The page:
The publishers take pride in the production of this book which has been out
of print for too many years.
Its "author", the Rev. W. Stainton Moses, regarded as the man who gave
Spiritualism its "bible" was one of the most remarkable mediums of the last
Spirit Teachings, which came through his hand in what is called "automatic
writing", is regarded as Spiritualism's greatest classic.
Here, in language of matchless prose, is contained the religious,
philosophical and ethical implications of Spiritualism, as viewed by the spirit
world. The communicators, by sheer brilliant logic, compelled their medium to
abandon, stage by stage, his orthodox religious beliefs. They gave clear
evidence of their high purpose and furnished him with irrefutable proofs of
There were twenty-two spirit communicators, headed by one who signed himself
"Imperator". Later, he revealed that he was one of the Bible prophets. Others
proved that they were ancient philosophers and sages.
The writing of this script--it was done in Stainton Moses's normal waking
state--took eleven years and filled twenty four notebooks. With the exception of
the third, which has been lost, they are all preserved at the College of Physic
Stainton Moses was the son of a headmaster of a Lincolnshire grammar school.
As a youth he won a scholarship which took him to Oxford. A successful college
life, which seemed to offer the highest possible honours, was interrupted by
poor health, which forced convalescence abroad.
He was ordained a few years after his return. His first clerical appointment,
at the age of twenty-four, was as a curate in the Isle of Man. He won praise for
his labours for his parishioners during an outbreak of smallpox which took a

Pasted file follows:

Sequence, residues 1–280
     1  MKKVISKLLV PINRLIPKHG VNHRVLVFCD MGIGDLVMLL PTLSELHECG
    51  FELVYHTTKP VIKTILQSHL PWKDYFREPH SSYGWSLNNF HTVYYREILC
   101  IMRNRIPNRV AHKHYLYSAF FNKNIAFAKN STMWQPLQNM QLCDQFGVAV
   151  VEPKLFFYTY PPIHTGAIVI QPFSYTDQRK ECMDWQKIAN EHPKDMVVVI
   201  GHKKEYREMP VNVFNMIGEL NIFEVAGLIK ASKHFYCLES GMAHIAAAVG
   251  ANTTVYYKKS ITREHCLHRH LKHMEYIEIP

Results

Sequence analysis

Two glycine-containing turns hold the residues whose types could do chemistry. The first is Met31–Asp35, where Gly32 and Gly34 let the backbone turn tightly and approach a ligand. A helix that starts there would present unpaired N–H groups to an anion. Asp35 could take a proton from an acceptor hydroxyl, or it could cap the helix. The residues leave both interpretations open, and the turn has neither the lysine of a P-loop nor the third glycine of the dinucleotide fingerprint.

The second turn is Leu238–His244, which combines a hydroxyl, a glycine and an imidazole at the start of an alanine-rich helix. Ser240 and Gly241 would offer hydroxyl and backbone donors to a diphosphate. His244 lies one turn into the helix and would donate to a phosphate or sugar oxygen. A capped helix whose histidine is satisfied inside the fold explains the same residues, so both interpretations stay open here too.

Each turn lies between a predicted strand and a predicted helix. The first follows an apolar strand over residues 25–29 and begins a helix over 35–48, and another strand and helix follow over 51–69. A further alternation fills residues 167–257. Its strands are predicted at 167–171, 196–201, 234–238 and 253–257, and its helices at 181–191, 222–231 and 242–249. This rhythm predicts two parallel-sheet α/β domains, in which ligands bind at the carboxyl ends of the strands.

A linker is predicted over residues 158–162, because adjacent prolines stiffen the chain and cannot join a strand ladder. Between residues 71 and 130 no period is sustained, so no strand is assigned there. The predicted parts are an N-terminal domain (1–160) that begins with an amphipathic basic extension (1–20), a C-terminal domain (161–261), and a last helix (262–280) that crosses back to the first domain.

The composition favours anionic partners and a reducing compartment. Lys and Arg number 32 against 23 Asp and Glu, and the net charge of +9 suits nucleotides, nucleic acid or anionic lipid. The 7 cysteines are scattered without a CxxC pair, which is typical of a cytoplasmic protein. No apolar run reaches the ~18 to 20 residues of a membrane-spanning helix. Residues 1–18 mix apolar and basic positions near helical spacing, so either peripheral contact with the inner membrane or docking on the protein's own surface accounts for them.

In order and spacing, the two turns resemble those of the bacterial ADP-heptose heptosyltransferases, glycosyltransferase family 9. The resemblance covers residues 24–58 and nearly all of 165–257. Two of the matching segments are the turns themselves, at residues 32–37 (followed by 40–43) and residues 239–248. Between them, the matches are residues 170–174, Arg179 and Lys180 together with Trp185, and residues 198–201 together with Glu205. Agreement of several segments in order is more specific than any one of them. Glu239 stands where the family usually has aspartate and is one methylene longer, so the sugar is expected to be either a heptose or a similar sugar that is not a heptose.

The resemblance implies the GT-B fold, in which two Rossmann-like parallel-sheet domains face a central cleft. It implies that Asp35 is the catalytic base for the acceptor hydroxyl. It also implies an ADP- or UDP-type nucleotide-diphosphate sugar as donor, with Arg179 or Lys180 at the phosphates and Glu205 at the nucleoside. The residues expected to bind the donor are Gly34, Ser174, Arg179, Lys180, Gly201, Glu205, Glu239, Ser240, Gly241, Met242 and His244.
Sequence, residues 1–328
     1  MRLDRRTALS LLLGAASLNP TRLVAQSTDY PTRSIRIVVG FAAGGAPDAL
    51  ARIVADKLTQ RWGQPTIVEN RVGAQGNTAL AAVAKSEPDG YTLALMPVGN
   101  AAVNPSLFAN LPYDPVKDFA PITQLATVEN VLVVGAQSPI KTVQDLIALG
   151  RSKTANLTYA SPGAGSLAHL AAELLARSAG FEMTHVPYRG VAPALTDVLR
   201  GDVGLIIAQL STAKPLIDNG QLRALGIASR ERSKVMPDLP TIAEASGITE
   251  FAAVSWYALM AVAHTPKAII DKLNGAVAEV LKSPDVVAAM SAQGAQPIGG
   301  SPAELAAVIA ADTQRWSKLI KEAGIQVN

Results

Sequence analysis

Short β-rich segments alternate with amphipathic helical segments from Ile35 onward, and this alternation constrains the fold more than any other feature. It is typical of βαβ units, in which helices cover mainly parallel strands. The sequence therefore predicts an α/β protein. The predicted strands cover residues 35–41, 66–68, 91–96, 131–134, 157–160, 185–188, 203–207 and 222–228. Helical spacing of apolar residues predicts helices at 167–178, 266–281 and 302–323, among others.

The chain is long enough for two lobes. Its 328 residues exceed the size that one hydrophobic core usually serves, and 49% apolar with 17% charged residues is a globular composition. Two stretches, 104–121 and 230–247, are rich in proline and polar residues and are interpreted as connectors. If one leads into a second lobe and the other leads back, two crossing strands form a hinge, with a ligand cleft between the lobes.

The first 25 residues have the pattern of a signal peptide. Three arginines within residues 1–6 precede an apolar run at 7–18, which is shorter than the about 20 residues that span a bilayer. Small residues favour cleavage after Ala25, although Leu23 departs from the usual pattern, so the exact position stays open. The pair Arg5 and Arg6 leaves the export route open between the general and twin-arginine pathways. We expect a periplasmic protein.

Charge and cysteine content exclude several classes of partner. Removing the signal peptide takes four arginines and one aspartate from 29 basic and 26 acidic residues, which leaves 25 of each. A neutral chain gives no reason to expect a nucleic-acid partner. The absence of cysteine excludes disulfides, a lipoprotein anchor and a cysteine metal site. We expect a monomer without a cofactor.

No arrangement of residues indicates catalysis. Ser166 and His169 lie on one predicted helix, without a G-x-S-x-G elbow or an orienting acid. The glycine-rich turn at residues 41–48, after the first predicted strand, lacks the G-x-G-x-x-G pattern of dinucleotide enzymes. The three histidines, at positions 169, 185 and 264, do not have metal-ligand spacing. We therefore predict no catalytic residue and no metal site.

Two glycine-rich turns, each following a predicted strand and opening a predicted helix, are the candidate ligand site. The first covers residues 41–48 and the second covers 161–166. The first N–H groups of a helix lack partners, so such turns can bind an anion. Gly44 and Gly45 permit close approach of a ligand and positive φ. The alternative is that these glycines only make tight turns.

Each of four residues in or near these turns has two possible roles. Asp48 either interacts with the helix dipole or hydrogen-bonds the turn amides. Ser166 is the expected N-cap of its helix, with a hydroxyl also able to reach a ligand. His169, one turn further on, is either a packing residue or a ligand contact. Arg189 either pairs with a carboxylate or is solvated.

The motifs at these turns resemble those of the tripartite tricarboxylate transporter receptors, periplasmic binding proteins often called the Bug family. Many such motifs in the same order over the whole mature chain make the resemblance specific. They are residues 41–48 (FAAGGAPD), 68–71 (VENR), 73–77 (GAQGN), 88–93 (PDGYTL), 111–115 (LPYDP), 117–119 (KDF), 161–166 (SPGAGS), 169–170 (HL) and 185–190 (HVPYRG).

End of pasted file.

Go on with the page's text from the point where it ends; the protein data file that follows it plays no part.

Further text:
Ill health dogged his footsteps, causing him to resign from the Church. Dr.
Stanhope Speer, who attended him, invited Moses to become his son's tutor. Mrs.
Speer, confined to bed by illness, read a book on Spiritualism and asked Moses
to ascertain whether the experiences described in it were true. Although at that
time, he regarded Spiritualism as trickery and fraud, he promised to investigate
the subject. Within six months, as a result of attending seances, he became a
About this time, his own psychic powers began to function, and many kinds of
phenomena were experienced. By means of spirit rapping, questions were answered
intelligently and long messages given. Materialised lights were often seen.
Varying perfumes were poured, by invisible operators, on the sitters' hands and
handkerchiefs. Direct writing was obtained on paper out of the circle's reach.
Objects were brought from other rooms through bolted doors. There were
levitations of the medium and of furniture. Occasionally the voices of the
spirit communicators were heard. In trance, Moses delivered many inspirational
In his Introduction to Spirit Teachings, this tribute to his inspirers was
paid by Moses: "There is no flippant message, no attempt at jest, no vulgarity
or incongruity, no false or misleading statement, so far as I know or could
discover; nothing incompatible with the avowed object, again and again repeated,
of instruction, enlightenment and guidance by spirits fitted for this task."